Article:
Adoptive immunotherapy in chimeras with donor lymphocytes

Hans Jochem Kolb, Christoph Schmid, Xiao Chen, Anja Woiciechowski, Marie Roskrow, Martin Weber, Wolfgang Guenther, Georg Ledderose, Michael Schleuning

Research output: Contribution to journalReview articlepeer-review

18 Scopus citations


Allogeneic stem cell transplantation has a well-defined indication in the treatment of hematological malignancies. The beneficial immune effect of allogeneic marrow transplantation has long been known, but only recently have methods been developed to separate the graft-versus-leukemia (GVL) effect from graft-versus-host disease (GVHD). Animal experiments have shown that lymphocytes from the marrow donor can be transfused without causing severe GVHD if stable chimerism and tolerance is established. First clinical studies have been preformed in patients with recurrent chronic myelogenous leukemia. In these patients complete molecular remissions were induced that persist without further maintenance treatment. These results have been confirmed in larger multicenter studies in Europe and the USA. The best results were obtained in chronic myelogenous leukemia (CML); repeated successes have been reported in relapsing acute myeloid leukemia (AML), myelodysplastic syndromes and multiple myeloma (MMY), and rare responses were reported for acute lymphoid leukemia. Contrary to animal experiments GVHD has been observed in human patients although to a lesser extent than expected in transplants not given immunosuppression. Secondly myelosuppression has been observed in patients treated with relapsing CML. In CML the incidence of GVHD could be reduced by depleting CD8+ T cells from the donor lymphocyte concentrate. Alternatively only small numbers of T lymphocytes can be transfused and in the case of failing responses, the numbers of donor lymphocytes may be increased. Results in recurrent AML have been improved by the use of low-dose cytosine arabinoside, granulocyte-macrophage colony-stimulating factor and granulocyte colony-stimulating factor mobilized blood cells as compared to lymphocytes only. In MMY the response rate is higher than in AML, but the remissions are of limited duration in most patients. Several protocols have been designed to include preemptive donor lymphocyte transfusion in patients with a high relapse risk after transplantation. Problems remain to avoid chronic GVHD and to circumvent the immune escape mechanisms of leukemia.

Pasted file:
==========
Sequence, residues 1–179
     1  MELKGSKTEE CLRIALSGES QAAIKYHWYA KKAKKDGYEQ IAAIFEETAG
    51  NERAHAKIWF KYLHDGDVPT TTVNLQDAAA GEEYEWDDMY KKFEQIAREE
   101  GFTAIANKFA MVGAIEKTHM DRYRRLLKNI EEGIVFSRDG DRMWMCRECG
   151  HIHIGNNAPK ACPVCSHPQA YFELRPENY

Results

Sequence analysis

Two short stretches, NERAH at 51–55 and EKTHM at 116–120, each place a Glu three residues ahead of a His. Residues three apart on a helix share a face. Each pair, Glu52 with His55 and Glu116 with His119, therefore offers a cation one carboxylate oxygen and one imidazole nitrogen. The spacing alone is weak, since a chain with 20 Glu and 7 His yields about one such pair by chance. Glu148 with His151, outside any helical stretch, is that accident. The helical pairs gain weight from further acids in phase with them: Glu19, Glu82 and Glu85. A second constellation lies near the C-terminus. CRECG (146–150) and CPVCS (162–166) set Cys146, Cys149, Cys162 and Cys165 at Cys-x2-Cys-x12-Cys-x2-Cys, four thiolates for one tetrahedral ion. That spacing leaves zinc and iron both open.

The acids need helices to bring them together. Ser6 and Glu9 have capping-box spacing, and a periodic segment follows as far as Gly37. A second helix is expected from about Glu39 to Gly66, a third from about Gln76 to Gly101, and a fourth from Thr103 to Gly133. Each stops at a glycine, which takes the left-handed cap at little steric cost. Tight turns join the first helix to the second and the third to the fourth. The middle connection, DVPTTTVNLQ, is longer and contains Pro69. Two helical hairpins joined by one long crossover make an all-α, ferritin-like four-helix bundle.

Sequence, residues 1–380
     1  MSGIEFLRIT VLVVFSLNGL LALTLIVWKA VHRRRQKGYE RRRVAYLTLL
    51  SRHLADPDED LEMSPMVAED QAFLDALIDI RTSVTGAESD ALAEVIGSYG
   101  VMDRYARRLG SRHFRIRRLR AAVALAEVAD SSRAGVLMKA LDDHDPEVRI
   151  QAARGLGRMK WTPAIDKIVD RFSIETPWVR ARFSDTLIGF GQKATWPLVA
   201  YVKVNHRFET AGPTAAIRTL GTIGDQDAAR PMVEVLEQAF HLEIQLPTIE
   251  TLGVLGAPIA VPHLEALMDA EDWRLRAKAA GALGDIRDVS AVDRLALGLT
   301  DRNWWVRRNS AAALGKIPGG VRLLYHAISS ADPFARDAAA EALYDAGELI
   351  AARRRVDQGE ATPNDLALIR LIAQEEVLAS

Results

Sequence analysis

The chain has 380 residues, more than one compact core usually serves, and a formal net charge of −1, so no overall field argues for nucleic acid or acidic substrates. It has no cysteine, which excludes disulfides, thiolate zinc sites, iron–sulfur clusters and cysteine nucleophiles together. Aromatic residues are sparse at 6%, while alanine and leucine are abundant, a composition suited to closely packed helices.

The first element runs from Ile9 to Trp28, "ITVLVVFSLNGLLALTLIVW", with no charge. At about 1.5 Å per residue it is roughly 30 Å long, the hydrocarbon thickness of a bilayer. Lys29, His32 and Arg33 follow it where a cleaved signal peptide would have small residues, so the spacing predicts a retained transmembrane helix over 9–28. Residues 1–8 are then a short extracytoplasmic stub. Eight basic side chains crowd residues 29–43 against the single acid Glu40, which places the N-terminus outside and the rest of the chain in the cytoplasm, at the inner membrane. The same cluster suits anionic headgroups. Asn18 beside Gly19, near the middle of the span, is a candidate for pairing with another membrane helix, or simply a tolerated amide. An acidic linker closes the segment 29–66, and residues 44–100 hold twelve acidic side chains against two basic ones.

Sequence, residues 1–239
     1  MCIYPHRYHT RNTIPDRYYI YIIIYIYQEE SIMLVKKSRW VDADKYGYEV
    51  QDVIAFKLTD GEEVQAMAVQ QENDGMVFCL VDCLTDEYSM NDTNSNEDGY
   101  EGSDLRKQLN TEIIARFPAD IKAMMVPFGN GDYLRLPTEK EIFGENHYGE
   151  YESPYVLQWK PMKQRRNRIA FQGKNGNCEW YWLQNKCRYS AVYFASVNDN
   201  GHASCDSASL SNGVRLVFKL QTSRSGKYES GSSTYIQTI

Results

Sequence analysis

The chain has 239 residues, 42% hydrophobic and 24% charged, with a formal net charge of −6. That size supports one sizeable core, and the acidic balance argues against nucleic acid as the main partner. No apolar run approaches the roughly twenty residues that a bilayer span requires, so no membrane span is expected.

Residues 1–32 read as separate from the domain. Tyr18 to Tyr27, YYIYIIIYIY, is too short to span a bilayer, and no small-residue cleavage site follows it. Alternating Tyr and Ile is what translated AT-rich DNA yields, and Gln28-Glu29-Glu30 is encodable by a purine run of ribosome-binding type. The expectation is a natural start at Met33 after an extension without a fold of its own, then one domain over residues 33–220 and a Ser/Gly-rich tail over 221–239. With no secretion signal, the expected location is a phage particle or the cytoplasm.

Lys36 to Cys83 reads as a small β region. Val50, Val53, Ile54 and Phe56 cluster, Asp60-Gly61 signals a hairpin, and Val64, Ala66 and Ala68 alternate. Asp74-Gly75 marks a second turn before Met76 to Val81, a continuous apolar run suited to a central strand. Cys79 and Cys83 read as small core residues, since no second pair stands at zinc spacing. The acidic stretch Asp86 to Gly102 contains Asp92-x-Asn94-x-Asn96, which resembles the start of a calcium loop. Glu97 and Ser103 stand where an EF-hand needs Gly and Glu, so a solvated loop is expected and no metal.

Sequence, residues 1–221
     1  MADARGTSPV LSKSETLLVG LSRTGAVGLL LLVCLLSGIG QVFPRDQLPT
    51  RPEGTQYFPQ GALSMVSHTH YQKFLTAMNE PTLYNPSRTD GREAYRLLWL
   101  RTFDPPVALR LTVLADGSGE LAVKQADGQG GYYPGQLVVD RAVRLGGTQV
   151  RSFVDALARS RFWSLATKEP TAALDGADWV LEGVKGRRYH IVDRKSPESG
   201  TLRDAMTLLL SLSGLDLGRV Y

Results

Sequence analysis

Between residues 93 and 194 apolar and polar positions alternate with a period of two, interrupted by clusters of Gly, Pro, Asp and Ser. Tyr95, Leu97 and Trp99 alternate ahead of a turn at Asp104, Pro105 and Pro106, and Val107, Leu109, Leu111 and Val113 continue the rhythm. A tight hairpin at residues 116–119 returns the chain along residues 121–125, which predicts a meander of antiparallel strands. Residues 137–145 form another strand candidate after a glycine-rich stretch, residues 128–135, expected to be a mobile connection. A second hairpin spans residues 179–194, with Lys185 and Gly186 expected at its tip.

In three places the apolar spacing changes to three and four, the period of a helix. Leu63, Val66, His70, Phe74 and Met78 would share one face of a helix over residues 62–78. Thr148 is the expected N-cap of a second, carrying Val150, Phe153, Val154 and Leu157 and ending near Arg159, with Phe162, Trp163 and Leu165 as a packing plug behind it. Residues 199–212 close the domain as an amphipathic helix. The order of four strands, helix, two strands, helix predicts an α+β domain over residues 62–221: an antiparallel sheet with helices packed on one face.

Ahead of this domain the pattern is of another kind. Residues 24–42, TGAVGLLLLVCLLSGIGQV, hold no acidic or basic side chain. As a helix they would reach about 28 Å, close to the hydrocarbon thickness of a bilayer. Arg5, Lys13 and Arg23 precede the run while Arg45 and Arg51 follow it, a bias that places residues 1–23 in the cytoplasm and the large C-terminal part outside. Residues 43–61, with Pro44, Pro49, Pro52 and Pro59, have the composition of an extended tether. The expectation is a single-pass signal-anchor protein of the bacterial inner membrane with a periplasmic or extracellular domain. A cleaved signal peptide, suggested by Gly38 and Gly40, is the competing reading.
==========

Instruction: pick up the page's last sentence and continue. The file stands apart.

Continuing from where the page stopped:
Original languageEnglish
Pages (from-to)110-120
Number of pages11
JournalActa Haematologica
Issue number2-3
StatePublished - 2003
Externally publishedYes


  • Adoptive immunotherapy
  • Chimerism
  • Donor lymphocyte transfusion
  • Stem cell transplantation
  • Transplantation tolerance


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